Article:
Richness of Life pickets ERR a second time ({{commentsTotal}})

Richness of Life members, including Artur Talvik (second from left) picketing ERR's TV house for the first time on 6 February.
Richness of Life members, including Artur Talvik (second from left) picketing ERR's TV house for the first time on 6 February. Source: Priit Mürk/ERR

The Richness of Life Party (Estonian: Elurikkuse Erakond) is organising a debate outside the ERR buildings on Wednesday, in protest at being exlcuded from ETV's Election studio series of televised pre-election debates. This is the second time the party has picketed the same location this month.

ERR's own criteria for participation in each of the five 75-minute Election studio shows included that parties represented should be running full 125-candidate lists in the general election.

Since Richness of Life, whilst it is running candidates in all 12 of Estonia's electoral districts, did not meet this requirement (on average the party is running about three candidates per district), it has not been invited on the show.

Despite a complaint from the party to the Chancellor of Justice's office on the matter being overruled as not conflicting with the Estonian constitution, Richness of Life is doubling-down on its stance, with the outdoor debate taking place at 20.00 EET on Wednesday,outside the TV House on F.R. Faehlmanni Street.

''The use of the full list as a criterion only comes from ERR's board. Richness of Life has a national list and people can vote in every district for our candidates,'' Artur Talvik, party co-founder, said on Wednesday.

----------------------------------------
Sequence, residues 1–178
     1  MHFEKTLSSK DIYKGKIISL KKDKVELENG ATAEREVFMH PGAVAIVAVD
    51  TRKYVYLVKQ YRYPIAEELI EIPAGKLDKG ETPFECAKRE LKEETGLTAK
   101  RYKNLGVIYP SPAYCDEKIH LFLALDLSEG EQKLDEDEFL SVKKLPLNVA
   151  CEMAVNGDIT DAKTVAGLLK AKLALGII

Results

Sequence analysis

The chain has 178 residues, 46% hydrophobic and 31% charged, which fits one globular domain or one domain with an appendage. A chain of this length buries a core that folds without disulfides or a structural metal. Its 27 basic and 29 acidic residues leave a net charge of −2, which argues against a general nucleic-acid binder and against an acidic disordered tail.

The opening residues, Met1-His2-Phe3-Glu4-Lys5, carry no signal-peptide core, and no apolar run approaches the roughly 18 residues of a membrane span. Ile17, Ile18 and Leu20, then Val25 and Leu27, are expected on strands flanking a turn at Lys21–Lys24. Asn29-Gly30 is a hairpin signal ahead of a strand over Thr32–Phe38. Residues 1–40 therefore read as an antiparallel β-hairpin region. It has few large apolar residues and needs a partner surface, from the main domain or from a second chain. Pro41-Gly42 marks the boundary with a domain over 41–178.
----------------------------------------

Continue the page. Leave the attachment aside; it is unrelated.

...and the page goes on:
Five-installment broadcasts

''Is there really no room for one more party in the ETV studios? Our recourse to the chancellor's office led to an assessment only based on compliance with the law; the office did not take a stance on the matter. This unequal treatment by ERR of nationally-listed political parties must end,'' Mr Talvik, whose late father Mati Talvik worked for many years as a TV journalist with the broadcaster, continued.

''As a result, we are holding our own debate, consisting solely of Richness of Life members, outside the TV house at eight o' clock. All are welcome to put questions to the party and we will be carrying it on our own Facebook page,'' Mr Talvik, who is not party leader – the party does not have a leader, although Mihkel Kangur is its ''prime ministerial candidate'' – said.

Wednesday night's ETV Election studio broadcast is the penultimate installment of five, which began on 6 February. The final broadcast is on Saturday, 2 March, the night before election day.

Richness of Life is one of two eco-focussed parties, the other being the Green Party, and, along with Estonia 200, one of two new parties contesting their first election, having been formed in the latter half of 2018. Both the Greens and Estonia 200 are running full 125-candidate lists and so are eligible to appear on Election studio.

Plenty of other coverage

Richness of Life has also been invited to, and appeared on, other pre-election broadcasts including on Vikkerradio, and was included in ERR's ''Election compass'' app, which listed parties in order of suitability to individuals on the basis of an online questionnaire.

The party was also invited to ERR News' English-language all-woman debate on 7 February, the day after it organised its first ERR picket, but did not send a candidate. The party did, however, send a panelist to participate in another English-language debate, organised by the American Chamber of Commerce (AmCham) the next day, hosted at the Hilton Park hotel and featuring a buffet lunch with a paying audience.

Artur Talvik has also been featured in an English language interview on ERR News.

ERR's board is made up of MPs in proportion to representation at the Riigikogu, including those from opposition parties, and industry experts; appointments to the board are under the guidance of the Riigikogu's multi-party Cultural Affairs Committee

Other safeguards include ERR's ethics ombudsman, to whom press complaints against the broadcaster should be directed in the first instance, and editorial independence enshrined in the broadcaster's own guidelines. The example set has to a large extent been followed by the private sector.

Editor: Andrew Whyte



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